Recent GAO Reports on the Federal Employees' Compensation Act
T-GGD-97-187: Published: Sep 30, 1997. Publicly Released: Sep 30, 1997.
GAO discussed the Federal Employees' Compensation Act (FECA) oversight, focusing on: (1) the recovery of continuation of pay (COP) benefits in cases where third parties were liable for injuries; (2) selected comparisons of FECA provisions with provisions of other federal and state workers' compensation laws; and (3) issues associated with changing benefits for older FECA beneficiaries.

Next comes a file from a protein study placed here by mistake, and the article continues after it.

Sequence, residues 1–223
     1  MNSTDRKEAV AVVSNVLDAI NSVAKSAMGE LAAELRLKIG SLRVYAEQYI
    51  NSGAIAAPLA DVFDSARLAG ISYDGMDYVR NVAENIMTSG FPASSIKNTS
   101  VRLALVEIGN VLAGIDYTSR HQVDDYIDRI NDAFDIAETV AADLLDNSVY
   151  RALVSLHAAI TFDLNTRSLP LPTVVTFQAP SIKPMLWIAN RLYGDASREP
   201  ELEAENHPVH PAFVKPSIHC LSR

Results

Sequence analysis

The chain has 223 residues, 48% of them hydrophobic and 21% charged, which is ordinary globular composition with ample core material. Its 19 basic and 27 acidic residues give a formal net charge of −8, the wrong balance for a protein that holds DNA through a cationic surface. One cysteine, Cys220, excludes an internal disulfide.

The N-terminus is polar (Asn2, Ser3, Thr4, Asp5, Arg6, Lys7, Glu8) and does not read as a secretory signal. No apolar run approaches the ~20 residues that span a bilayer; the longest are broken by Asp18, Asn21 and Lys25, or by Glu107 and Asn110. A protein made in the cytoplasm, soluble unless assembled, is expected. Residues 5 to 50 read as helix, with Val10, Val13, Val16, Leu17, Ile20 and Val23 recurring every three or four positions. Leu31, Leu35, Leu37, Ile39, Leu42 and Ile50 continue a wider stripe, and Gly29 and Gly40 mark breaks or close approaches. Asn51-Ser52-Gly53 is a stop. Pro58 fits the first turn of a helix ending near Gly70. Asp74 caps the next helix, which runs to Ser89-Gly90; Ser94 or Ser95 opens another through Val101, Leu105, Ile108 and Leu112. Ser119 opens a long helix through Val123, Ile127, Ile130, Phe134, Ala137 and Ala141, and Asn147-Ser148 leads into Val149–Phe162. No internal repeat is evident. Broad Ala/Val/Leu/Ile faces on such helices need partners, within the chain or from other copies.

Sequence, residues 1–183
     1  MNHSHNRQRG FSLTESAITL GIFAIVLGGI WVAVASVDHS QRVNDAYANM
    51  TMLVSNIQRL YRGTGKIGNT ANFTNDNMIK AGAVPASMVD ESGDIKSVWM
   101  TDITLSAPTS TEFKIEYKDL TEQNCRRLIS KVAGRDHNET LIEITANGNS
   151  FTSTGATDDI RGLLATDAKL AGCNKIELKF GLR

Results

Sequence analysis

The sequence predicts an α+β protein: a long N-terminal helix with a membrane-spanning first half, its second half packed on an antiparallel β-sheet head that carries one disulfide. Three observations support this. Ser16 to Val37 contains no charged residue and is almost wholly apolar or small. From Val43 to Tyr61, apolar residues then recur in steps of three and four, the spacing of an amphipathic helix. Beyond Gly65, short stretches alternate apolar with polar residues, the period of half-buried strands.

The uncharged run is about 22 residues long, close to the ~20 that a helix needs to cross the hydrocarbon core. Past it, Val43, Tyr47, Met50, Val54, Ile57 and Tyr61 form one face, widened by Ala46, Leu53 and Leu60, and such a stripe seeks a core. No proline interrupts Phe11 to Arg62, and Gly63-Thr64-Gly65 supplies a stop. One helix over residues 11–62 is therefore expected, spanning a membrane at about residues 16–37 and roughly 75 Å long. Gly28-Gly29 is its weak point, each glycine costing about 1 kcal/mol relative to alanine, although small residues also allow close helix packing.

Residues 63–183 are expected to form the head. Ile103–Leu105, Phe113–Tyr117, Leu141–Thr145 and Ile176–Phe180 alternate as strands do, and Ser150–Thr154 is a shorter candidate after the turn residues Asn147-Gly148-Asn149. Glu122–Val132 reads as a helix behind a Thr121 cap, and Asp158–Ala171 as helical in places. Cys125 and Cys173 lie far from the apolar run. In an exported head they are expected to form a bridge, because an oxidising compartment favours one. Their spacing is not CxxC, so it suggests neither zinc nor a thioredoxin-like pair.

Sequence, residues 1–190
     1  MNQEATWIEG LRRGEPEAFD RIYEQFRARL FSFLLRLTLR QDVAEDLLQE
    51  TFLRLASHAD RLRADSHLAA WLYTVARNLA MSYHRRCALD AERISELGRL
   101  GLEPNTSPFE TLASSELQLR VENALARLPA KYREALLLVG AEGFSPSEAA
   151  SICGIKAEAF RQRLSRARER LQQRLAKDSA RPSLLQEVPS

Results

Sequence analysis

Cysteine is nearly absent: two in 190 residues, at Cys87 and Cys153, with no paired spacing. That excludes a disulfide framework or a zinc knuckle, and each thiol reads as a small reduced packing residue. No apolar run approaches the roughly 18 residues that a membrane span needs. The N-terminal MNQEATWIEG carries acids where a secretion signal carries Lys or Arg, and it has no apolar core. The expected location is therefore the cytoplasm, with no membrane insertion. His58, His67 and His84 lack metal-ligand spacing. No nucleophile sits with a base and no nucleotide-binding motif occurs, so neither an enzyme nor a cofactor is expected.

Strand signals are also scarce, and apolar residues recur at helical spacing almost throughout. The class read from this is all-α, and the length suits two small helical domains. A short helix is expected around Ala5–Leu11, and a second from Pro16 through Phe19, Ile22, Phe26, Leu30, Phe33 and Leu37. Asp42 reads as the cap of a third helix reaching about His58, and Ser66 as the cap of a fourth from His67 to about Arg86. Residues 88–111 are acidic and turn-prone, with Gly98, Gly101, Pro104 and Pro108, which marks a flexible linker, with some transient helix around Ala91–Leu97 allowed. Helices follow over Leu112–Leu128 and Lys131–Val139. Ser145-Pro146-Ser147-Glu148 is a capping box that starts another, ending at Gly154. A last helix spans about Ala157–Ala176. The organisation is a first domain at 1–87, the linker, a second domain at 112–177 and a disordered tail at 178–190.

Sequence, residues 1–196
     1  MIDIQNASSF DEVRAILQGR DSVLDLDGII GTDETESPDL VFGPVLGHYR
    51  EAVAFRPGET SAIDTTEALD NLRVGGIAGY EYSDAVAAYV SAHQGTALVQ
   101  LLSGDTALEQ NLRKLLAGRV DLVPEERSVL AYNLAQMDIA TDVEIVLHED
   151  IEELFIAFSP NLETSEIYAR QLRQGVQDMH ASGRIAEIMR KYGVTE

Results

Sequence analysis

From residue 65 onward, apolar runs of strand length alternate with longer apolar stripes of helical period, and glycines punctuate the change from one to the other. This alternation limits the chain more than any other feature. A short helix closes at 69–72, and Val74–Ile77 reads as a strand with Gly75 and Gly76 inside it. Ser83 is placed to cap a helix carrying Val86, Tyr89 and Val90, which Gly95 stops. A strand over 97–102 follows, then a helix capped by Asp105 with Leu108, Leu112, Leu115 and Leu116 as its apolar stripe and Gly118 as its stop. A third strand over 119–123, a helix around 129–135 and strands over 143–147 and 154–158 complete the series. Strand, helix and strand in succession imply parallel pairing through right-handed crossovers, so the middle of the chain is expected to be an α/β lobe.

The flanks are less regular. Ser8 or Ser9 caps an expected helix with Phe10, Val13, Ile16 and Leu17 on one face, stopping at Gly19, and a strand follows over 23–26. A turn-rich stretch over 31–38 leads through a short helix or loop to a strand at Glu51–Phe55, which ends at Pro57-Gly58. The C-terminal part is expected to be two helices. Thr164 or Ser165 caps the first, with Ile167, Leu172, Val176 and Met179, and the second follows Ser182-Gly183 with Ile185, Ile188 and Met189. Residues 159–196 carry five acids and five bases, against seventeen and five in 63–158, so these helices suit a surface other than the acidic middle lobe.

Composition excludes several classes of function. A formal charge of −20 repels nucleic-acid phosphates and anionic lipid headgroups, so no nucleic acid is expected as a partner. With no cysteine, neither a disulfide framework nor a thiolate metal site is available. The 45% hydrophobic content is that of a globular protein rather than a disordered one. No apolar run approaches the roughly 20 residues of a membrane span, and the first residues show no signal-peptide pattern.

GAO noted that: (1) the federal government's workers' compensation program is authorized under the Federal Employees' Compensation Act (FECA); (2) this program, which is administered by the Department of Labor, provides employees suffering from work-related injuries and occupational diseases with various types of benefits, depending on the nature and extent of the injury and their ability to return to work; (3) GAO recommended that FECA be amended to allow the government to obtain refunds of COP benefits when injured employees recover damages from liable third parties; (4) injured employees are to continue to receive their regular pay for up to 45 days when they are absent from work for traumatic injuries; (5) because of interpretations of FECA by the Employees' Compensation Appeals Board and a federal court, the government no longer has a legal basis to obtain refunds of injured employees' COP benefits in third-party injury cases; (6) in effect, these employees receive a double recovery of income for their first 45 days of absence from work due to injury; (7) although the formula for calculating benefits under FECA was similar to most other laws, FECA's authorized maximum weekly benefit amount was greater; (8) unlike most states, FECA provides claimants with a spouse or a dependent with an additional benefit of 8 1/3 percent of salary; (9) under other workers' compensation laws, employees must be out of work for a 3- to 7-day waiting period before they can receive wage-loss benefits; (10) under FECA, the 3-day waiting period is preceded by a period of 45 days in which employees with traumatic injuries continue to receive their regular pay; (11) GAO's August 1996 report provided information on: (a) selected characteristics of individuals on FECA's long-term rolls; (b) views of proponents and opponents of changing FECA benefits for older beneficiaries; and (c) questions and issues that Congress might consider if crafting benefit changes; and (12) of the $1.28 billion in compensation benefits paid in 1995, about $611 million was paid to beneficiaries on the long-term rolls who were age 55 and older.